During the first two months, you can stimulate his eyesight by using mobiles and letting him see and respond to your facial expressions. Also, talk to your baby frequently. He is learning the language at this point, although it will be many months before he talks. Also, touch your baby, and play gentle games, such as softly bicycling his legs. As your baby gets older, he will be ready to play with and respond to simple toys.

Let him practice grabbing a toy that you are holding, and play simple games of peek-a-boo, which teaches object permanence. Continue to have a high level of interaction with him. Did you know that levels of parental interaction with infants and young children are directly related to IQ? Of course, genetic factors also play a role, but you cannot underestimate your importance in your child’s development.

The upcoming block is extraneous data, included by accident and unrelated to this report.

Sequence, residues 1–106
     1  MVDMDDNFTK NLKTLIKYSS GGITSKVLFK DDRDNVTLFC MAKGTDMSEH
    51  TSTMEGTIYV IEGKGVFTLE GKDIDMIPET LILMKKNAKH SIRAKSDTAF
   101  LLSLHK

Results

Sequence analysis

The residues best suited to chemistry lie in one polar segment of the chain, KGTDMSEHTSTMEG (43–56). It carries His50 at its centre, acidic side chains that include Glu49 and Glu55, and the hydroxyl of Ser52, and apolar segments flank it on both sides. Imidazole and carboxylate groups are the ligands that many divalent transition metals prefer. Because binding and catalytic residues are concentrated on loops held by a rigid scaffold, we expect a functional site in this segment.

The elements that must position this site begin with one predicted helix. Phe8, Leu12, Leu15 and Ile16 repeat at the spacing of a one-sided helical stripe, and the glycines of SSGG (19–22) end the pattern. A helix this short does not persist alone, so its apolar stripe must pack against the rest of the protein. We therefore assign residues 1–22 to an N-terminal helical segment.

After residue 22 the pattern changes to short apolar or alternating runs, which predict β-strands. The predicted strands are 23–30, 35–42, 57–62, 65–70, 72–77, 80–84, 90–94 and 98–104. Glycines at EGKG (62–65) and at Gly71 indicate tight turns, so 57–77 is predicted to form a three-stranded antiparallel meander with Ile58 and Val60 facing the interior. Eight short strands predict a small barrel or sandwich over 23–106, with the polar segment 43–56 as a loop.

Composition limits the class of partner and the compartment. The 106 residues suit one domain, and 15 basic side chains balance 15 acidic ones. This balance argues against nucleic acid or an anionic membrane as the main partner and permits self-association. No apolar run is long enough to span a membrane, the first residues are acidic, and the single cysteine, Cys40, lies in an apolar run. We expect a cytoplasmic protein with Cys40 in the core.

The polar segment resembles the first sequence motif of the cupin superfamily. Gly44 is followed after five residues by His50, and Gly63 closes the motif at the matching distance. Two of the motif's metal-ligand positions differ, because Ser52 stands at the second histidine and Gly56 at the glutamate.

After six months of age, make sure that your child has plenty of opportunities to build his strength and to practice crawling and walking. You will also want to label objects when you are out and talk about them. Take lots of pictures, put them into a photo album and use them as a bedtime story occasionally. Talking about past experiences stimulates your child’s memory.

As your child gets older, give him plenty of time to learn new information, and make sure that learning is fun. Provide plenty of opportunities for him to interact with his peers, and expose him to as many interesting situations, such as trips to the zoo, as are feasible. You also want to make sure that you have plenty of age-appropriate toys that focus on a variety of skills. For example, puzzles build spatial skills, while blocks can build both spatial skills and fine motor skills.